Whether turning at the end of a longer piece (top) or applying a burn-on finish (bottom) the stability and smoothness of the Beall Collet Chuck makes the job easier and often faster.
Click images to enlarge

The remarkable stability of the Beall Collet Chuck allows turning the work piece faster, which makes getting a smooth, clean finish from the tool itself much easier. Something I didn’t expect was how quickly the wood sands to a fine finish. Eliminating even small vibrations and alignment issues appears to be responsible for this.

The grip developed by the Beall Collet Chuck is strong enough that in most cases, tightening the collet by hand is all that is needed.  While turning a set of knobs, I alternated between hand tightening and using the (included) spanner wrench but found no difference in the stability of the piece during turning. That isn’t to say the spanner will never be required. In the weeks of intensive use for this evaluation, those occasions have yet to occur.

The range of collet sizes included in this kit allows using the best tenon (or dowel) diameter for the job to maximize the glue surface and overall strength. The grip range built into the Beall collets makes cutting tenons to fit simple. I found that using an open-end wrench as a gauge, sized to match the collet capacity makes this a very fast, accurate task.

The grip developed by the Beall Collet Chuck takes a little getting used to. I found that 1/2" of tenon in the collet is more than enough, even when tightened by hand.
Click image to enlarge

Between the grip of the collets and the Beall Collet Chuck running dead-on true to the spindle centerline, you can turn surprisingly long, small diameter pieces without having to fight vibration. The only problems with flex come from the wood itself, not the Beall Collet Chuck. I turned several 3”-long pegs without using the tailstock to support the free end without problem. Using sharp cutting tools and good technique remain important but the Beall Collet Chuck holds the piece very securely and lets you concentrate on turning the shape you want rather than stabilizing the piece. When turning longer pieces I used the tailstock to support the free end, particularly for rounding and basic shaping but was able to remove the tailstock for the final cuts, sanding and finishing.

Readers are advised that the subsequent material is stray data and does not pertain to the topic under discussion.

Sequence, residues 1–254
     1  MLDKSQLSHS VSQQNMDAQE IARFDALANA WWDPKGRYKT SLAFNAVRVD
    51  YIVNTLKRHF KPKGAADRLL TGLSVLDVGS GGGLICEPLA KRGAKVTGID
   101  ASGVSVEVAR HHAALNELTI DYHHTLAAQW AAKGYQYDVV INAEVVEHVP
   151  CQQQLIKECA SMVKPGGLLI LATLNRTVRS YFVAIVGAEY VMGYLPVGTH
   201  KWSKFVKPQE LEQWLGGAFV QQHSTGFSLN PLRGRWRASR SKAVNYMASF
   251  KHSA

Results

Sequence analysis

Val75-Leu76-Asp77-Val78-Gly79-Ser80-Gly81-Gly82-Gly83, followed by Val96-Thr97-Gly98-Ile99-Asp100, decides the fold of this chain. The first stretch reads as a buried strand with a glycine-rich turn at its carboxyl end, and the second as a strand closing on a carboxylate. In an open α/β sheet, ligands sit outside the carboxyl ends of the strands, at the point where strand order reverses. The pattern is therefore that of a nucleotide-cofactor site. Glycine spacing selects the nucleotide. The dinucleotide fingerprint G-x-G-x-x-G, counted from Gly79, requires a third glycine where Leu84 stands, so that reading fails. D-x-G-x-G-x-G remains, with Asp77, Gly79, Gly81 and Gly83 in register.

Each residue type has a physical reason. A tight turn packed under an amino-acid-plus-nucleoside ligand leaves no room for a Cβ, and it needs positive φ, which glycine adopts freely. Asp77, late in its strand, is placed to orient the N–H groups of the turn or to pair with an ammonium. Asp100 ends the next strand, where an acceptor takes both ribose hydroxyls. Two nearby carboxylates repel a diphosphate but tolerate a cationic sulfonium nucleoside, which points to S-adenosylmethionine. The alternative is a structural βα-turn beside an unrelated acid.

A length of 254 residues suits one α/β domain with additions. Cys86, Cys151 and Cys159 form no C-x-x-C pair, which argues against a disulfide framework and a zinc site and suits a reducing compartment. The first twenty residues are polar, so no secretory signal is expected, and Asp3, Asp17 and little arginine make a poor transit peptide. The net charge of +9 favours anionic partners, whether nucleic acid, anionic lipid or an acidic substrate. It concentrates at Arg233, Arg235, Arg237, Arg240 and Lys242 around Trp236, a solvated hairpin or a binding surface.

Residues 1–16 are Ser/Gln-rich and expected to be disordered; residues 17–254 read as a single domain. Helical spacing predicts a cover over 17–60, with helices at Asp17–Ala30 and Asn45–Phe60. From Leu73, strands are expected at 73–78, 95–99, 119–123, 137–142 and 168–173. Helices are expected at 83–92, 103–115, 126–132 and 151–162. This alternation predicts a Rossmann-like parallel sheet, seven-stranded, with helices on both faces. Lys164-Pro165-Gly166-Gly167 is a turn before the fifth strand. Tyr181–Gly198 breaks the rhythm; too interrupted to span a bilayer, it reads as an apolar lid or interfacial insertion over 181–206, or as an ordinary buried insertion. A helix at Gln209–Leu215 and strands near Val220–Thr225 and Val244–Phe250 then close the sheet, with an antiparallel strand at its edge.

I also noticed that the Beall Collet Chuck grips tenons so well that surprisingly little length is needed. I turned several 2”-long oak pegs with slightly less than 3/8” of the tenon length within the collet. The pieces ran true, did not vibrate or loosen up with the collet tightened by hand. Obviously having more tenon length in the collet is a good idea but it is not necessary for the Beall Collet Chuck to function correctly in most cases.

Video Tour!

While the Beall Collet Chuck did everything I expected and did all better than anticipated, I suspect it’s true range of capabilities will only become evident later as familiarity and experience with it grow. The ability to create knobs, pulls, pegs and more is just the start. Being able to match the wood, design and size precisely saves money while allowing you to refine your projects and add your own creative touch that makes your work unique.

 

Conclusions

With a street price of only $159.00 (12-18-2006) the Beall Collet Chuck Kit featured in this review is a remarkable value in the woodturning market. It’s not often that we find a product that works so well with a reasonable price tag. Its overall capabilities mean this one time investment will enhance your small project work for many years.

Visit the Beall Tool web site.

Check pricing and availability of the Beall Collet Chuck Kit

Have a comment on this review? –Email Me!

Back to the Tool Reviews List

 


All written, photographic and drawn materials are property of and copyright by NewWoodworker.com LLC 2000-2017. Materials may not be used in any way without the written permission of the owner.
Privacy Statement